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Guest banality

How do Benefits Managers think - ethically as well as legally

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You seem to like to create your own obstacles. The suggestion was made, that you might want to consider distance education teaching. and What do you do? You start limiting yoourself to being an "Instructional Designer" something for which you see a "catch-22" because you have no direct experience. Why not just try for "distance education teaching" and see what that gets you first? It will be much easier to transfer to or dabble in "Instructional Designer" AFTER you have secured a position with an institution. This is part of the "chip" and "bad attitude" of which I spoke. Get the cake first then add the icing when you have taken it home.

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Banality,

I don't know anything about instructional design. I am a former public school teacher, turned lawyer, CFP® certificant and graduate/law faculty member in tax and benefits.

I agree that a positive attitude is helpful, but sometimes it is hard to do at the time. We all have obstacles along the way, except that it seems like yours may be a bit more than the average. Perhaps getting a distance education position and then exploring instructional design consulting opportunities might be a good plan.

You might want to check out these sites:

Higher Education

Directory of Online Schools

Teachers Support Network

Chronicle of Higher Education

If you wish to converse further, feel free to email me privately.

Best wishes with your new endeavors (I think positively--the number of distance learning opportunities is mushrooming currently, so I believe that you will find the right one).

Theresa Lynn

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Guest banality

I use the term "Instructional Designer" because that's a common job title in the area where I live: I've applied for a number of positions with different titles that combine technical skills and teaching/training experience - as well as pursuing both tracks separately. I own up to a massive chip on my shoulder, but I maintain that it's justified by experience.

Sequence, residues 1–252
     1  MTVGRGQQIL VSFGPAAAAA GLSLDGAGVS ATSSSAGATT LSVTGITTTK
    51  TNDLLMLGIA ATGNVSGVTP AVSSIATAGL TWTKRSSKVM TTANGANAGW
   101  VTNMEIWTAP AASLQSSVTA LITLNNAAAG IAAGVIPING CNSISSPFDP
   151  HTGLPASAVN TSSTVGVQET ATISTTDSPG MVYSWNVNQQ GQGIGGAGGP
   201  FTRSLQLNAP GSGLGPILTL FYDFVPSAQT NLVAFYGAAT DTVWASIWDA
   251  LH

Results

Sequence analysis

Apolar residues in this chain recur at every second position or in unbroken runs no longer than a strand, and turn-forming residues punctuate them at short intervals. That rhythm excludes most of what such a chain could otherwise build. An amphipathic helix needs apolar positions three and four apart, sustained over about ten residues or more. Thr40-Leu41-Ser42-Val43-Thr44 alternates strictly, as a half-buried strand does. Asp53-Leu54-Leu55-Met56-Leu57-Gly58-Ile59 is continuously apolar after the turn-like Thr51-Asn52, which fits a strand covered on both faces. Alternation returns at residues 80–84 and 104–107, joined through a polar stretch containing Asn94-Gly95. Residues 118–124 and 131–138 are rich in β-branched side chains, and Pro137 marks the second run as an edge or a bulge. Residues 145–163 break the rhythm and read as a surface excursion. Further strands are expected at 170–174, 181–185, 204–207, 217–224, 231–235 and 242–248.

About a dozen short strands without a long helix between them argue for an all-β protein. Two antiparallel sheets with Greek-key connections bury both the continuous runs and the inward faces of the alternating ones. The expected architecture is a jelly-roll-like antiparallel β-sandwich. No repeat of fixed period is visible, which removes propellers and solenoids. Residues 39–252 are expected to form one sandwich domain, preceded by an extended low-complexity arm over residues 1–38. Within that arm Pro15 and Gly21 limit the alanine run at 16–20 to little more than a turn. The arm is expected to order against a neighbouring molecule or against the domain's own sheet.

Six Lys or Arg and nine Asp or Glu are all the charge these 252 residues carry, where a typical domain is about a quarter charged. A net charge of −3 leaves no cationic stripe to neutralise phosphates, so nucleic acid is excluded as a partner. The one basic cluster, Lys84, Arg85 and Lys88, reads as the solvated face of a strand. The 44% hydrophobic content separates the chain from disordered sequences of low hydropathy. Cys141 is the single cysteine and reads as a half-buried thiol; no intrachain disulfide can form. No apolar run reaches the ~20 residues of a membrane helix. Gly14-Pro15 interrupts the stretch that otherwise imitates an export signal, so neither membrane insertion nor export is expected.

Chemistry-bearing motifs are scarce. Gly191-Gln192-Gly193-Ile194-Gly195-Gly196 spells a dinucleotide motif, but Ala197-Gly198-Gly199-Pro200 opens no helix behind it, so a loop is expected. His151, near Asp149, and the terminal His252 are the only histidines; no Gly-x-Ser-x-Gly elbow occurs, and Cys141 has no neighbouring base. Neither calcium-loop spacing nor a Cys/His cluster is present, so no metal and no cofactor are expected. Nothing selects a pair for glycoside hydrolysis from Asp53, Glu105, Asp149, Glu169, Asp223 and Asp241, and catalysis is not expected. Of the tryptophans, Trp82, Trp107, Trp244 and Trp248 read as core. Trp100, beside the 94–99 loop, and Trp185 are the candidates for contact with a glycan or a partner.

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Guest banality

Theresa Lynn -

Thank you for the list of consolidated resources. I'm looking for postings for distance learning instructors now. :-)

Edited to add: I have set up a resume account at all these sites, except "Directory of Online Schools". I couldn't find a job-match service associated with that site.

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Guest banality

Veering back on topic: conservatives are trying to slip the derogatory term "Lawsuit Abuse" into the public consciousness in an attempt to get individuals to vote to deprive themselves of their right to sue.

Here is a response that claims the real Lawsuit Abuse is conducted by corporations, not individuals: http://www.consumerwatchdog.org/ftcr/co/co004623.php3

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banality,

When you get past or get over this, how about writing a book about how to triumph over adversity? Better yet. However, about starting the book now, when you still feel passionate about the matter? This could help to transfer your passion to the pages and to the readers. Yeah, I know everybody is writing a book, but then why not you too. It could be inspirational for people who find themselves in similar situations- and therapeutic for you… maybe I will see you on Oprah and other TV programs as you make the book tour :)

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Guest banality

Hi, Appleby -

I do write quite a bit: juggling between coursework, the obligatory unfinished novel, and an equally obligatory unfinished dissertation. I also keep a record of everything that has happened to me in case I do ever have a positive forum to tell my story (which could include a book).

It's a nice fantasy to think of people identifying with my situation and respecting the way I've tried to deal with it. What I'd most like to do is create a world where it's safe to reveal the problems without stirring up massive disapproval and unwarranted character judgment. But I have enough of a grip on reality to realize that's highly unlikely. Mainly, most of the things I want to say are things people don't want to hear. :-p

Anyway, I'm already working on this suggestion - but I don't see any book tours in my future. I'll be lucky to get out of this life without being stoned to death!

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Banality,

I was wondering what topic or instructional areas in which you might be interested in teaching. Since I am involved in a number of professional groups, teach online, and am married to a faculty member of a conventional institution, I might have some ideas of where you might direct your efforts. We all need people who are content experts in certain areas. With the push to get more degrees and certifications, the teaching profession is a booming place to be. I have high confidence that the past obstacles will be in the past and that the rainbow of opportunity is just ahead!

I look forward to hearing more from you and brainstorming together.

Theresa Lynn

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Guest banality

Hi, Theresa Lynn -

I have an M.A. and teaching experience in European and World History. I could also possibly teach Women's Studies. My recent professional experience has been in technical project analysis/coordination and in web programming (lightweight: html, javscript/html). I could probably teach an introductory web programming course for students interested in web-based training or multimedia. I've been taking night classes in web programming and multimedia for five years.